Utterly Meaningless » Blog Archive » THE REALLY BIG LIE

THE REALLY BIG LIE

Filed at 6:34 am under by dcobranchi

This Op/Ed on autism was picked up around the globe. Strong on emotionalism. Very weak on data. Homeschooling rates a very minor mention.

11 Responses to “THE REALLY BIG LIE”


Comment by
Andrea
August 22nd, 2006
at 10:16 am

I wonder how (or if) she accounts for people with autism who have never been vaccinated.

Also, ADD is on the spectrum, if we want to get really technical, but way at the other end.


Comment by
Carlotta
August 22nd, 2006
at 4:13 pm

Ok…I’m going to be strong on emotionalism and weak on data…but in support of the opposite argument.

My father, for most of his life, worked in places where at least half of his colleagues would nowadays be classed as severely Aspergic. In fact, what we now call Asperger traits were then positively selected for, since the work involved extremely focussed attention to one subject and high degrees of literalism with almost no importance attached to establishing personal relationships. However, not one of his colleagues had any formal diagnosis and indeed, having usually gone via Oxbridge to highly paid careers, were often regarded as very successful people.

I also feel that the relaxation of some of the former rigidities in the British educational system has allowed for AS children to become more obvious, since literalism, rigid conformity to set rules and precise use of language are no longer the norm. There is also an increasing emphasis on successful socialisation, to include skills like empathy, which again means that an AS child is less likely to go unnoticed.

I therefore can’t help but think that an increase in diagnosis has a very strong part to play in the apparent increase in the number of AS children, particularly when one couples the above with the epidemiological debunking of the MMR myth and the exposure of the dodgy practices and undeclared interests of the doctor who proposed a link.


Comment by
Rikki
August 23rd, 2006
at 1:36 pm

The autism arguments are just as tedious as the ADD arguments. Is it just me, or does it seem like we get a new catch-all diagnosis every few years to explain the complexities and oddities in children’s behavior?

Extremely active child? Oh it must be ADD.
Weird child? Oh, it must be Asperger’s.
Extremely active weird child? Oh it must be Televisionism. :p
Vaccinations from the opiod family given to parents would cure all this. 😉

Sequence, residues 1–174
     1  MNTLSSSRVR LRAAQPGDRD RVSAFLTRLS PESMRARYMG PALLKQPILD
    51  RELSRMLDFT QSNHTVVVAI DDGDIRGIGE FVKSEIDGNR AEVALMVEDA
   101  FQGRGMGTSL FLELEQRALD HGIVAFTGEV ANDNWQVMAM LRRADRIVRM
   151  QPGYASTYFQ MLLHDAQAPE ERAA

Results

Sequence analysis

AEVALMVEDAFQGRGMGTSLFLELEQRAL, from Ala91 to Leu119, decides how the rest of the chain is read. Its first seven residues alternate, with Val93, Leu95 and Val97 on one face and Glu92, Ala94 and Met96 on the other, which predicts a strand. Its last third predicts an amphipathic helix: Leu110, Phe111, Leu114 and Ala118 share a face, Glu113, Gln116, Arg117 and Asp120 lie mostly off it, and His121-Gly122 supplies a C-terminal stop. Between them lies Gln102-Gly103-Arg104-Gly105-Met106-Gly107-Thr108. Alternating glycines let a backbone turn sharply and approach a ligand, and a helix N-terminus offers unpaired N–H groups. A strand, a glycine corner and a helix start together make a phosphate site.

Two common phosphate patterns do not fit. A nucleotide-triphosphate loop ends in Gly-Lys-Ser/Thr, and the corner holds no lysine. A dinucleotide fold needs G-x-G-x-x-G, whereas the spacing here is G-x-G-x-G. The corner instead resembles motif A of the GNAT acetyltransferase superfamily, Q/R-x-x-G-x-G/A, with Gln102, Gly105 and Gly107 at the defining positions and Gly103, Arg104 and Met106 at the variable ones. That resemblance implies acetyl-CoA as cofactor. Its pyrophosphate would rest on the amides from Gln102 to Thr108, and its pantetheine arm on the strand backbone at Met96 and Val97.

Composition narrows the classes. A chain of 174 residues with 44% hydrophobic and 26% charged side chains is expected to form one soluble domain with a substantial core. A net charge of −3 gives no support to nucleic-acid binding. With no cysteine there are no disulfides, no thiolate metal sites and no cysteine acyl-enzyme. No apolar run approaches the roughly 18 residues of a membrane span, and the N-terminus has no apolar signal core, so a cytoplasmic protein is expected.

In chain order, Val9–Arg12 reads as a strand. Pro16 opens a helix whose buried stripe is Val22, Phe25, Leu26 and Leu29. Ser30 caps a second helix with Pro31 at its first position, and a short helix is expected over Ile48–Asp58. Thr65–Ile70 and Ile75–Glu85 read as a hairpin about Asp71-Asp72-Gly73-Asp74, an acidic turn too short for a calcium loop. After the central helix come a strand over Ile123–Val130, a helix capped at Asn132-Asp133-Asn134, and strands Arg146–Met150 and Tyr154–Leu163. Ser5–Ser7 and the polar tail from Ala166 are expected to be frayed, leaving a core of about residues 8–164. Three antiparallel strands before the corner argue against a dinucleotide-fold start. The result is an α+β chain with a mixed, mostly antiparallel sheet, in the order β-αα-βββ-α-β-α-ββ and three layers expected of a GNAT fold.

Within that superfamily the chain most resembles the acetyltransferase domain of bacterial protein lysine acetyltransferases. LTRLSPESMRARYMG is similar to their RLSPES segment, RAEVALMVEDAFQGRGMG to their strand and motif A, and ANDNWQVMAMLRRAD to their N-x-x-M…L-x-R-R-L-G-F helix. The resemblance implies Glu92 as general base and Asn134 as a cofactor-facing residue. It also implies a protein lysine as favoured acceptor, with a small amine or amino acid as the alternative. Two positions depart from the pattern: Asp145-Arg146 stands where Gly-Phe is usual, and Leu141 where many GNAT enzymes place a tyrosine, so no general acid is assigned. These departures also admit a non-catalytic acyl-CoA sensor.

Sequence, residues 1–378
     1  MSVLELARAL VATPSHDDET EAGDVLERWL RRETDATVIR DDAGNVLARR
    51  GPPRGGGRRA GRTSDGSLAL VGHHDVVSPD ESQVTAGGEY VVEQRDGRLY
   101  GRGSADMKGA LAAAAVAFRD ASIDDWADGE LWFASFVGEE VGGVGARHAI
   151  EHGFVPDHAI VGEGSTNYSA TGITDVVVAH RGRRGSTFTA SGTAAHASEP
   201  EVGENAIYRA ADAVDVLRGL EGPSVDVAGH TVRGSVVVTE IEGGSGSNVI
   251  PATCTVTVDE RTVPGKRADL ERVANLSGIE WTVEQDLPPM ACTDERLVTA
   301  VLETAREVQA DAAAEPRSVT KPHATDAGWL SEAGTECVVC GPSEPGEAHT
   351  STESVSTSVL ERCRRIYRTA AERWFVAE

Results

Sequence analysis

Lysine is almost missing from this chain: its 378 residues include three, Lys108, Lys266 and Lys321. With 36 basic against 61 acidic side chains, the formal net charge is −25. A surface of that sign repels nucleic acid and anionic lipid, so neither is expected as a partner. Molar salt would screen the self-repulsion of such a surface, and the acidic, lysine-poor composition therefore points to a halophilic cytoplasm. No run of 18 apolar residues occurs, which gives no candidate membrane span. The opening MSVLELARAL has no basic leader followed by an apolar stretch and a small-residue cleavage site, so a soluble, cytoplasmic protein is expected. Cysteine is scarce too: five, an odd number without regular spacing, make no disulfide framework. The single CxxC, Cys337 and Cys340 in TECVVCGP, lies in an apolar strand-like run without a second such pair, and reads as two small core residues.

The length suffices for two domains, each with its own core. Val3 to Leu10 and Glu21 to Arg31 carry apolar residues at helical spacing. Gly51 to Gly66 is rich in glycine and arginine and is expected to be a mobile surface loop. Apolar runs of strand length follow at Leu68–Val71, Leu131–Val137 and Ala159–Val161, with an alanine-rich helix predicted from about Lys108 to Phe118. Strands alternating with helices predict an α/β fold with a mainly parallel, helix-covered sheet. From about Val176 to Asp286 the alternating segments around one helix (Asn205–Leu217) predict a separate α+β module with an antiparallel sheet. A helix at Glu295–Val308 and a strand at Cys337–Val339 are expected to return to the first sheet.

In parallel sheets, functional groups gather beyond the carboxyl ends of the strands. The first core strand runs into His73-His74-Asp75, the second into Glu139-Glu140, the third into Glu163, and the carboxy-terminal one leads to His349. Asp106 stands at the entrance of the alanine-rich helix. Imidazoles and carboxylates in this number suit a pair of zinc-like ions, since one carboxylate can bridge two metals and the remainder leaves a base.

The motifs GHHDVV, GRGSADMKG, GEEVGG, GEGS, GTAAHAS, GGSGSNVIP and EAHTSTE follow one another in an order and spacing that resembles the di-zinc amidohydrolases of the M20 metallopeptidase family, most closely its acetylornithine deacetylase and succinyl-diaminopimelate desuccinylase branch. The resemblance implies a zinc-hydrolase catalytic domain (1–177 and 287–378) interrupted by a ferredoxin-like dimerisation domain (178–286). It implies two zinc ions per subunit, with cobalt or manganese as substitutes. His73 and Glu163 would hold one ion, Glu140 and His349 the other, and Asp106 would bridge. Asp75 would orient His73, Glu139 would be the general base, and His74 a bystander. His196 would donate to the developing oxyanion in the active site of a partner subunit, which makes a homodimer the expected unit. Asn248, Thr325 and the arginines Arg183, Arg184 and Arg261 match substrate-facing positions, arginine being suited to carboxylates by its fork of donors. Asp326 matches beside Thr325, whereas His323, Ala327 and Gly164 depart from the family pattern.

Comment by
Daryl Cobranchi
August 23rd, 2006
at 4:36 pm

I’m not buying it. Yet. If the data were as clear-cut as you claim there would be NO controversy. From what I’ve seen, the best (i.e., most controlled) studies have found no link. There may yet be one (science can always change its collective mind), but so far, there’s no there there.


Comment by
NMcV
August 23rd, 2006
at 6:16 pm

Actually, there have been scientific studies done, most notably in England, Canada, and Denmark, and there has been no correlation found between vaccinations and autism.

You may choose, if you wish, to discount those studies, but it doesn’t help your campaign to deny that they exist.

Like all genetic traits, they run in certain populations. Studies of Amish familes showing a low incidence of autism only means that the Amish have low rates of autism. It does not show why. It may well be, and probably is, that the Amish simply don’t carry the genetic codes that produce the autistic neurology.

On the other hand, the Amish do have higher rates of Cohen Syndrome, Chondroectodermal dysplasia, Crigler-Najjar syndrome, SIDS, microcephaly, and a couple of dozen other disorders than do the general population.

If we conflate causation and correlation, we could state that being unvaccinated caused these conditions. We could also state that speaking Yiddish causes Tay Sachs. Makesd just as much sense… although it dlacks the emotional consolation that the autism-vaccination “connection” does.

Disintigrative childhood diorders are not autism. They’ve been lumped in together becuase they have similar symptons. But it’s like saying that measles is caused by poison ivy, because they both cause an itchy rash.


Comment by
Daryl Cobranchi
August 23rd, 2006
at 6:26 pm

NMcV–

Was that directed at me? ‘Cause we’re on the same side.


Comment by
Rikki
August 23rd, 2006
at 7:23 pm

Just for the record, I know ADD is not on the spectrum. I was referring to the popularity of tagging children with some disorder or another. The big one was ADD, now there’s a rise suddently in children diagnosed with autism spectrum disorders. Just seems rather interesting, as if there are parents it the world just looking for a label to describe childhood behaviors that don’t follow the absolute middle of normal behavior.


Comment by
CT
August 23rd, 2006
at 10:23 pm

First of all NMcV, let me thank you for posting a well thought-out comment worthy of consideration. I’m always willing to listen, and yours was worth reading.

As for the studies done in Denmark, England, and Canada I am not denying they exist. They were flawed. They’re not universally accepted, and if they were, congress would not be asking for a scientific study to be done.